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HHS HealthBeat (January 7, 2014)

Chickenpox and shingles

From the U.S. Department of Health and Human Services, I’m Ira Dreyfuss with HHS HealthBeat.

It seems having more children getting the chickenpox vaccination does not increase shingle cases among seniors. Some researchers have wondered if the two were connected because chickenpox and shingles stem from the same virus and exposure to chickenpox may provide a natural boost in immunity. More vaccinated children may mean fewer seniors get this natural boost.

But researcher Craig Hales of the Centers for Disease Control and Prevention looked closely at vaccination rates and shingles rates, and he says they’re not connected:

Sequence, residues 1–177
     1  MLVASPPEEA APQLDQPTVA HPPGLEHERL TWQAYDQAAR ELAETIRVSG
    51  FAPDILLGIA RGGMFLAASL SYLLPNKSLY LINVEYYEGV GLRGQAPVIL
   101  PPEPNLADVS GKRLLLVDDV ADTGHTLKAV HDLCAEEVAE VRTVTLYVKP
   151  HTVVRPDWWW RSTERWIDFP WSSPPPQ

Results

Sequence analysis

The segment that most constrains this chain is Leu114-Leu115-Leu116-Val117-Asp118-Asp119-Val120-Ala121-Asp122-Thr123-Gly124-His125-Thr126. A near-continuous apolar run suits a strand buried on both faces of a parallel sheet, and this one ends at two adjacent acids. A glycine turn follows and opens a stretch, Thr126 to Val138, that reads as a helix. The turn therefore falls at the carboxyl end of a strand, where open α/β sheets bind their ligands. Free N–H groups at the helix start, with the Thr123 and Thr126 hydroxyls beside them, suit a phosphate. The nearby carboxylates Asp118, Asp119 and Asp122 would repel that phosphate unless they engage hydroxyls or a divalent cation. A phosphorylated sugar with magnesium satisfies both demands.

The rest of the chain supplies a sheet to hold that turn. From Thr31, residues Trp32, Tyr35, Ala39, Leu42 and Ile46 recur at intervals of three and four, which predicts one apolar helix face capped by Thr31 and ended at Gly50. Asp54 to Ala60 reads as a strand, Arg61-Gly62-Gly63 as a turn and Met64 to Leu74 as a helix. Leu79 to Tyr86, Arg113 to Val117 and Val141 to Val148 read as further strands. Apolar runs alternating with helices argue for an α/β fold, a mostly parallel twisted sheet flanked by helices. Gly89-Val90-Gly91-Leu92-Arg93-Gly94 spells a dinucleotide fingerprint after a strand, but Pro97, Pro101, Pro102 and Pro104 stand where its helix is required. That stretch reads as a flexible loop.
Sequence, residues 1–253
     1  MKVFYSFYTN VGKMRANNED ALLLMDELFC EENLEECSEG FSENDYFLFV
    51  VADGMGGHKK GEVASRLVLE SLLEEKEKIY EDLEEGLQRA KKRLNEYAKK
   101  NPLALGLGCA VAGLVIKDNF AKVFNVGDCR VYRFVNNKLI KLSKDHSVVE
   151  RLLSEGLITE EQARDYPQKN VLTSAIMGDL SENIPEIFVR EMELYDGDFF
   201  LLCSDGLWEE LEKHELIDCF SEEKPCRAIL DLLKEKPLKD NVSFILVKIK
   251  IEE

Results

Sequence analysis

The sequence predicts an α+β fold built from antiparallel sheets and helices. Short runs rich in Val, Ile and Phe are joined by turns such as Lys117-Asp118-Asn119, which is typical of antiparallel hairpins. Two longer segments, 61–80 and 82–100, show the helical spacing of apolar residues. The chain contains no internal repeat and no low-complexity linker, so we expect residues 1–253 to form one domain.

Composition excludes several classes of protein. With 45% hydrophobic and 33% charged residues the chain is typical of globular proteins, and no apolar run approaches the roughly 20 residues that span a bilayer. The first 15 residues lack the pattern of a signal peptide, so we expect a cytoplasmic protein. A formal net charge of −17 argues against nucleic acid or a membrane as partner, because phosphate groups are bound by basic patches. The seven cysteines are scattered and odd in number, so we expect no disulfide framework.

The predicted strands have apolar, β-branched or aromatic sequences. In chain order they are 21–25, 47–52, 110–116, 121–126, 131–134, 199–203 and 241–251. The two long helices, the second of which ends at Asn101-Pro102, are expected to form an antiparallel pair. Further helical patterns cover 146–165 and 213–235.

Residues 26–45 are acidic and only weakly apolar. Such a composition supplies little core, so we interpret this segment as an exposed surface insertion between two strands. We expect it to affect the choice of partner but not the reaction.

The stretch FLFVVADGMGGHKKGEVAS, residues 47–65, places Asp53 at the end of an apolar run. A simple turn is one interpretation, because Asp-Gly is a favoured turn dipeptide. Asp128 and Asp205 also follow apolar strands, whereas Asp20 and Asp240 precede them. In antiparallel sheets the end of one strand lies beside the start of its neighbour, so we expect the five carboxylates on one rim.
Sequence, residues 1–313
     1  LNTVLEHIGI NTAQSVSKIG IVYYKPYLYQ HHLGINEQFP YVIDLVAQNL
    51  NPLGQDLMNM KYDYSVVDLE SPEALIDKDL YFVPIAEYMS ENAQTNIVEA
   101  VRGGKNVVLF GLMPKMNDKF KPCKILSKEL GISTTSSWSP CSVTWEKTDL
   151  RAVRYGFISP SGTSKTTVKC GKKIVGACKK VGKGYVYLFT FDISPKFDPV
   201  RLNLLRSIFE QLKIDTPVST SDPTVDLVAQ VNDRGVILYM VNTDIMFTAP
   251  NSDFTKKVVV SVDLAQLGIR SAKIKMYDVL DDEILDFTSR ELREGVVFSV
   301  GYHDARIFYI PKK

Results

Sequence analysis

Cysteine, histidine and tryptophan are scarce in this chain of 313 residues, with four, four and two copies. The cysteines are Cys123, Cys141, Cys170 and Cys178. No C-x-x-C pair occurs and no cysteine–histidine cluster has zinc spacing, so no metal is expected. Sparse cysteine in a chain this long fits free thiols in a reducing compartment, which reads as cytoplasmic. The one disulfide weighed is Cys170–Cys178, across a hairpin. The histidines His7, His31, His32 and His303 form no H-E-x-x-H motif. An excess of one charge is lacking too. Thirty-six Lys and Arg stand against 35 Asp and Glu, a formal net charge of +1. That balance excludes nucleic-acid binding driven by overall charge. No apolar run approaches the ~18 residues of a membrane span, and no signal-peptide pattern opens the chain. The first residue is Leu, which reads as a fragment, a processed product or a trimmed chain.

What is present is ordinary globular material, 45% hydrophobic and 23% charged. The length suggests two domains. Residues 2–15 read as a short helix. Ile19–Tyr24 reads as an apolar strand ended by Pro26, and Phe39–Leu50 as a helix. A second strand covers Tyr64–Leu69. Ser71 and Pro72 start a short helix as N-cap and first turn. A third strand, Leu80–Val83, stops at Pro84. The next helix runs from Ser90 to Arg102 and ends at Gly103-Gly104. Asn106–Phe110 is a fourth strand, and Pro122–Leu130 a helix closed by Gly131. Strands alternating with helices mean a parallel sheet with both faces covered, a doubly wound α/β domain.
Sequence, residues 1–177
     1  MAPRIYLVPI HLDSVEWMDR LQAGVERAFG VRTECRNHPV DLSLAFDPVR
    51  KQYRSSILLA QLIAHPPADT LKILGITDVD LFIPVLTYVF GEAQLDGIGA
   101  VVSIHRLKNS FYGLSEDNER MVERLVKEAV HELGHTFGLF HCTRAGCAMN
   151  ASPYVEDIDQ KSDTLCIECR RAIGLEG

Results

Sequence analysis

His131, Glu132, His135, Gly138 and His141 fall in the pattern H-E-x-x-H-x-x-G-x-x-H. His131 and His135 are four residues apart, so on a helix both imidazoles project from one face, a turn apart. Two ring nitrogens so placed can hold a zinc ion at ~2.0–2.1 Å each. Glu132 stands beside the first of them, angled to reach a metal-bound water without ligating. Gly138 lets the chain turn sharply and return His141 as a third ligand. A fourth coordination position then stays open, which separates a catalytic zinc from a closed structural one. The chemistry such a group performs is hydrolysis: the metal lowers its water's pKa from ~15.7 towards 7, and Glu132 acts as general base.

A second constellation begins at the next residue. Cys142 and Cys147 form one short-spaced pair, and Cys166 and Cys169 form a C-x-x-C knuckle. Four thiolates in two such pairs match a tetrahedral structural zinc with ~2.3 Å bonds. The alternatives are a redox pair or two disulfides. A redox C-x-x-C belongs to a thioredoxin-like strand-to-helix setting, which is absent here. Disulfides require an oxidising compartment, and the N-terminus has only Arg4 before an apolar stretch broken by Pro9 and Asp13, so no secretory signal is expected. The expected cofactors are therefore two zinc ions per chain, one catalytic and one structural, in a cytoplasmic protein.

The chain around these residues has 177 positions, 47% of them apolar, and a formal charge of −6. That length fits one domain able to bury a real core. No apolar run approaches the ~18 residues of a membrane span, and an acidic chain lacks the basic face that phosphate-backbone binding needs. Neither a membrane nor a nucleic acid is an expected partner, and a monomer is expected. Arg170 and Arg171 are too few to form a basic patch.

"Even when we looked at shingles rates 10 years after increasing vaccination coverage, there was no connection between chickenpox vaccination in children and shingles in older adults."

He does suggest getting vaccinated at age 60 or older to reduce the risk of getting shingles.

The study is in Annals of Internal Medicine.
Learn more at

HHS HealthBeat is a production of the U.S. Department of Health and Human Services. I’m Ira Dreyfuss

Last revised: January 7, 2014